However, such analyses merely focus on the electoral fortunes of a significant Dalit party. In the 2000s, the Dalit movement in the country entered a new phase and acquired a more complex character. In contrast to the 1990s, it is experiencing internal fragmentation, which has created uncertainty and ambiguity over both ideology and action. Two significant developments have been responsible for this. First, the waning of identity politics and a shift from the desire for social justice to aspiration impacted by the twin forces of globalization and cultural modernization, creating a divide between the better-off middle class and the poorer, marginalized section of the Dalits. Second, the revival of the BJP under a new-generation leadership, and its promise of economic development and cultural inclusion within the saffron fold, has attracted the lower jatis (sub-castes) and created an ideological divide between the Ambedkarite or pro-BSP and Hindutvawadi or pro-BJP Dalits. The lack of cohesion within the Dalit movement in Uttar Pradesh is also visible in the shifting modes of political action: support to the BJP in the 2014 national elections, but in more recent years, disillusionment, antagonism and strident opposition to the BJP.

In this situation, the earlier ideology and forms of mobilization used by the older Dalit leaders no longer seem to be of appeal. Having achieved a modicum of political empowerment, identity and self-respect in the 1990s, the Dalits today are in search of a political party/movement that can offer them economic betterment. It is on these twin developments, of decline and regeneration, and how they are shaping the future of Dalit politics in the country, that this essay focuses.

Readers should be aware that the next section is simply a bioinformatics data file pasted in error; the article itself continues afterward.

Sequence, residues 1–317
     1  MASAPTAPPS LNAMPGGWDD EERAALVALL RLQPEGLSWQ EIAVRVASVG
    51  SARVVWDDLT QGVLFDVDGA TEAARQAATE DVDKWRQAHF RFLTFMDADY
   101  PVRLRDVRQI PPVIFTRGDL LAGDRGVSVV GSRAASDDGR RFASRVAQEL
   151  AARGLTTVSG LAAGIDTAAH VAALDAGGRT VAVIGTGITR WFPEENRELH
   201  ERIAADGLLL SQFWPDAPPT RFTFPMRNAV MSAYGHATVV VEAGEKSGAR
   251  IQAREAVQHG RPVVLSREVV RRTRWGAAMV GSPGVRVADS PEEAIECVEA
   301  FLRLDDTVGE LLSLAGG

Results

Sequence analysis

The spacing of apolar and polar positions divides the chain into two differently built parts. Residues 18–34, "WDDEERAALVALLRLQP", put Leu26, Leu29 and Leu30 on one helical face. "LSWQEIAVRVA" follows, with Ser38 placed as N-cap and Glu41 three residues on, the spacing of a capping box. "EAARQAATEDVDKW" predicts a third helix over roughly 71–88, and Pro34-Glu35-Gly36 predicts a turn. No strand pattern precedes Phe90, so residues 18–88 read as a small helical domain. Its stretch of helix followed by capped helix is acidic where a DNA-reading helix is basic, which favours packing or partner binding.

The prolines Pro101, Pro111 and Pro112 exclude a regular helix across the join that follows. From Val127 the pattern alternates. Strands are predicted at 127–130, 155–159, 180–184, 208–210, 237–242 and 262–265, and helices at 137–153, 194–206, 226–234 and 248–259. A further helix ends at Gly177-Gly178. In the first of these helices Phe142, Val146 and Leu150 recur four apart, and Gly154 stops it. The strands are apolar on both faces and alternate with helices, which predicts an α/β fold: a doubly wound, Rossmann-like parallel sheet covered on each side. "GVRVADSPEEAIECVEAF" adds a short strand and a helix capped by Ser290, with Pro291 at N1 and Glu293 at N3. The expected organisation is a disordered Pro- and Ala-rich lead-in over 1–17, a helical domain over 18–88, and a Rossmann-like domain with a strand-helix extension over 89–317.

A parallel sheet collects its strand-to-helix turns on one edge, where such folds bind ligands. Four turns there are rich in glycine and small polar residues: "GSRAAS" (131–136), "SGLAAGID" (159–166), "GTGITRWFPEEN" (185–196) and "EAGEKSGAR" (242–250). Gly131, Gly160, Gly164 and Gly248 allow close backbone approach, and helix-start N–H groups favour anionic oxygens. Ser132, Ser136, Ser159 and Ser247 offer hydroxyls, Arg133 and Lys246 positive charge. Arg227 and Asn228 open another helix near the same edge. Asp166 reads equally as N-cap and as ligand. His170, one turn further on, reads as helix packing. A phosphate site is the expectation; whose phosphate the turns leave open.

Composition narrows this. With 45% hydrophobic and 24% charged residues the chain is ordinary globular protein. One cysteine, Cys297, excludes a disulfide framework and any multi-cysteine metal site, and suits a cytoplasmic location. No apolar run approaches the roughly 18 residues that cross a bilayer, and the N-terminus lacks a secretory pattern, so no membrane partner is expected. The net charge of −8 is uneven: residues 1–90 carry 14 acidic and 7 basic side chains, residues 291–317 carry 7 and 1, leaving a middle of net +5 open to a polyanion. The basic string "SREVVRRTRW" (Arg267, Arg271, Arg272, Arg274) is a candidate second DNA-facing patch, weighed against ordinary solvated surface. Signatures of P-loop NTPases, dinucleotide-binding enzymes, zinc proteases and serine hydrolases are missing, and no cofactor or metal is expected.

New Ideas, Aspirations and Activism in the 1990s

In the 1990s, India witnessed the gradual emergence of a small, but influential, young, educated and politically conscious Dalit middle class. This new class reached a ‘critical mass’ precisely when the Indian polity experienced globalization, moving towards a market-oriented economy, and it represents a different strand in the Dalit movement as it has evolved over the last two decades. While Dalit movements and parties such as the BSP mobilized on issues of socio-political empowerment, such as identity, dignity and self-respect, the rising middle-class Dalit intellectuals have emphasized the need for economic empowerment through a variety of new means, representing the rise of middle-class activism among Dalits. These new aspirations are best exemplified in the ‘Dalit Agenda’ formulated at the Bhopal Conference in January 2002, which advocated new policies such as Supplier Diversity to create Dalit entrepreneurs. The authors of the Dalit Agenda argued that under the traditional policies of affirmative action and state welfarism, the Dalits have remained mere recipients of welfare, have remained landless/asset-less, below the line of poverty, without a share in the capital in the economy and unable to improve their socio-economic status. Only a tiny elite section of the community or ‘creamy layer’ has been able to improve their educational attainments and economic status, as well as enter into high-paying jobs in the government, various professions, the media, arts and, increasingly, the private sector.